Meetings and canvassing took place, with visits from Liberal and Conservative MPs – some were described as ‘uproarious’[8] and a free for all took place outside the George Hotel after polls had closed on the evening of 16 July.[9]


Rothschild comfortably held the seat for the Liberals with a majority of 937 votes. This seems to have come as something of a surprise for the other Liberal MP for Aylesbury, George Russell. On the eve of poll, Russell had confided in Louisa, Lady Knightley of Fawsley, the wife of Tory MP Rainald Knightley, that he was low at the possible outcome of the contest. Lady Knightley recorded in her journal that it would be a triumph if the Conservatives were to beat Rothschild.[10] This is confirmed by Loulou Harcourt who wrote in his Journal for 17 July 1885 that when he got a telegram from Rothschild with the result of the by-election he was pleased the majority was very much larger than expected and most satisfactory for most of the electors were agricultural labourers.[11] The result must also therefore have been a relief to Gladstone and the Liberal leadership, although not for too long in view of the Rothschilds’ defection to the cause of Liberal Unionism.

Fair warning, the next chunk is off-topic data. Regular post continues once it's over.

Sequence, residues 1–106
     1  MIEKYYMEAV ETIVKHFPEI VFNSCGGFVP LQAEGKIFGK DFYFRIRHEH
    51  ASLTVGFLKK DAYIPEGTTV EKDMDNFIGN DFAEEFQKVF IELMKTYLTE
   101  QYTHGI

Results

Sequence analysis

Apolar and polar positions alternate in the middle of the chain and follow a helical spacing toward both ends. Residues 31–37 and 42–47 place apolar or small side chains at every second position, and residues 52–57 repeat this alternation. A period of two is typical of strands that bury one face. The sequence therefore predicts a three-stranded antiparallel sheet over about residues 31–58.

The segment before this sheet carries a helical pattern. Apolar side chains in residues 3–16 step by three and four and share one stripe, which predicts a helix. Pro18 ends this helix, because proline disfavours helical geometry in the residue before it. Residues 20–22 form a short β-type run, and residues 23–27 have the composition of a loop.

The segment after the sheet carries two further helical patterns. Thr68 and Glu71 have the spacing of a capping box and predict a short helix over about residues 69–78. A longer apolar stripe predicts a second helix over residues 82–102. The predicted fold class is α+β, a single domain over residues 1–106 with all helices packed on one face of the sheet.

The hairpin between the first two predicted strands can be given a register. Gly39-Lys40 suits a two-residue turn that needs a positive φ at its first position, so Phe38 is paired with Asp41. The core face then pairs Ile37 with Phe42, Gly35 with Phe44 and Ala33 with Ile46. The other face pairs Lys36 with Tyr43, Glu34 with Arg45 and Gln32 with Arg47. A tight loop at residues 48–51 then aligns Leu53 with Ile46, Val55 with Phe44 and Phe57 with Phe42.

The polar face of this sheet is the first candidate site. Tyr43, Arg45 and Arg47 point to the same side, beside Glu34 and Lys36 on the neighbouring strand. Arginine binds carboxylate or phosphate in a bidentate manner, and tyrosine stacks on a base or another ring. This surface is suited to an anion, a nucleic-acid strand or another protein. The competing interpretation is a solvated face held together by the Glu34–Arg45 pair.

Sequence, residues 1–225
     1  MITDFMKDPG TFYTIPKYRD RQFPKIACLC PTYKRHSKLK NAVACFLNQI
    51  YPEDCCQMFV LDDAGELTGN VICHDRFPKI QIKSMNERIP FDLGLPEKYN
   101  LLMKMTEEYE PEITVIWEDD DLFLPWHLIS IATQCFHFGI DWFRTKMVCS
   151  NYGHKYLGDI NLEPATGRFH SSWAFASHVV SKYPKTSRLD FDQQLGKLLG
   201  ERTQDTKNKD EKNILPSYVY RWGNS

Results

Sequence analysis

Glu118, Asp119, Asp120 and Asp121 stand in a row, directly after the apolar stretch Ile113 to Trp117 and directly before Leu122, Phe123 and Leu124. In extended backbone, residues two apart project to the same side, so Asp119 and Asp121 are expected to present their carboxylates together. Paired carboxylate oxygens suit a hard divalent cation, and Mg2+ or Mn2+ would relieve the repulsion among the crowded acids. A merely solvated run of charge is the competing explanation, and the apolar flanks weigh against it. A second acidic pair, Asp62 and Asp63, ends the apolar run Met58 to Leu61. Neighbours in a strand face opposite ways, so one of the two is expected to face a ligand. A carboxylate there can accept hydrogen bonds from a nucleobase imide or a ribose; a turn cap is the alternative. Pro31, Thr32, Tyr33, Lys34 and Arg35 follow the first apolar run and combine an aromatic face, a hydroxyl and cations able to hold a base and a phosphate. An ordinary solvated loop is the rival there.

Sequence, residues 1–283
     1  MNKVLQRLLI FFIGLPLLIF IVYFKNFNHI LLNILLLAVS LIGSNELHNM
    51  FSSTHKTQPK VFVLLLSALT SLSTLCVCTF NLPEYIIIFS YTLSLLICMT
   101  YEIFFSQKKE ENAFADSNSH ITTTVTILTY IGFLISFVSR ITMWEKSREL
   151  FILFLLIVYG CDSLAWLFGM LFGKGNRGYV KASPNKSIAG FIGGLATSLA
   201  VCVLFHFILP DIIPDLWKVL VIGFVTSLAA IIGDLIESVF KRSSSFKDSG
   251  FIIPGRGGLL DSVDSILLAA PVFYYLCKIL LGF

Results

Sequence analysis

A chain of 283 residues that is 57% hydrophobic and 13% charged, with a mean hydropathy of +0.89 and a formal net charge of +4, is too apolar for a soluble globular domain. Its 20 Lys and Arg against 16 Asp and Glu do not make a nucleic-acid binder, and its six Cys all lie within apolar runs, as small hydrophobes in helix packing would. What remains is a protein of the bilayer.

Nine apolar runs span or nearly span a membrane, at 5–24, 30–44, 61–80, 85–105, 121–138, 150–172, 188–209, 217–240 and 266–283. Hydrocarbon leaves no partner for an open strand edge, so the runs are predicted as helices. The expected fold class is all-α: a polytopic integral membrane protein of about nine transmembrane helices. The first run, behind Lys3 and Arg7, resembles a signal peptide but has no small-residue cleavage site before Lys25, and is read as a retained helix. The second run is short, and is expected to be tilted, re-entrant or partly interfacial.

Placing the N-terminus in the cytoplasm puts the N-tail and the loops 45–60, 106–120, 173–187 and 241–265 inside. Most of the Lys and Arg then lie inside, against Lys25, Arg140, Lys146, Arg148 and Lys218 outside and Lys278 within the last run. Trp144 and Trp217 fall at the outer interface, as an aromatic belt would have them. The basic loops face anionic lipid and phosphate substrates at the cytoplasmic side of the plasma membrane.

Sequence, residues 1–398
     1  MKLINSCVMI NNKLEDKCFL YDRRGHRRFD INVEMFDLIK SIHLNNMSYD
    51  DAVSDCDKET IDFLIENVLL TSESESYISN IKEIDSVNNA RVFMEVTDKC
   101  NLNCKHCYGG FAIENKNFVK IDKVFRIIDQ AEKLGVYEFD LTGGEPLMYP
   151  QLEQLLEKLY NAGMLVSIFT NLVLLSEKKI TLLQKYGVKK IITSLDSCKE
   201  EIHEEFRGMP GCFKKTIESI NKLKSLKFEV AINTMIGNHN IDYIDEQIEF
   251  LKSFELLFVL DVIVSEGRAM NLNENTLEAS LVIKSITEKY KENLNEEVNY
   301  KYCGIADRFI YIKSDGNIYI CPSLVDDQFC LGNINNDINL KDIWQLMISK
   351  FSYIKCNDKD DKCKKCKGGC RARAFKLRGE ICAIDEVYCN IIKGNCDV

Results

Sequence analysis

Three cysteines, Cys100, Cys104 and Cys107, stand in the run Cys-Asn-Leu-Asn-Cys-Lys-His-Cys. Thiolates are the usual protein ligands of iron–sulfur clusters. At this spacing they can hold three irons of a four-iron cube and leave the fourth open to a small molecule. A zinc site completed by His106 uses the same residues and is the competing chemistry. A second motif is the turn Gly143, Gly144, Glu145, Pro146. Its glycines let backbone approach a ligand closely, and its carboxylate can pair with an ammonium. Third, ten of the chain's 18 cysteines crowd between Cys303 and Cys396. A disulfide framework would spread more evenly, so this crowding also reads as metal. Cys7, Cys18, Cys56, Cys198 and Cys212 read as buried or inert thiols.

Ferdy Rothschild held his seat as a Liberal at the 1885 general election and retained it as a Liberal Unionist thereafter at every election until dying in office in December 1898.[12]


Aylesbury by-election, 16 July 1885
Party Candidate Votes % ±
Liberal Ferdinand de Rothschild 2,353
Conservative William Graham 1,416
Majority 937
Liberal hold Swing

See also


  1. Victor Gray and Melanie Aspey, Nathaniel Mayer de Rothschild in Oxford Dictionary of National Biography online, 2004-13
  2. R W Davies, Ferdinand James Anselm de Rothschild in Oxford Dictionary of National Biography online, 2004-13
  3. Ian Cawood, The Liberal Unionist Party: A History; I B Tauris, 2012 pp157-158
  4. F W S Craig, British Parliamentary Election Results, 1832-1885; Macmillan, 1977 p33
  5. The Times, 29 June 1885 p6
  6. The Times, 30 June 1885 p6
  7. Patrick Jackson, Loulou: Selected Extracts from the Journals of Lewis Harcourt, 1880-1895; Rosemont Publishing and Printing, 2006 p106
  8. The Times, 11 July 1885 p13
  9. The Times, 18 July 1885 p12
  10. Peter Gordon, The Journals of Lady Knightley of Fawsley, 1885-1913; Northamptonshire Records Society, 1999 p76
  11. Patrick Jackson, Loulou: Selected Extracts from the Journals of Lewis Harcourt, 1880-1895; Rosemont Publishing and Printing, 2006 p107
  12. F W S Craig, British Parliamentary Election Results, 1885-1918; Macmillan, 1974 p224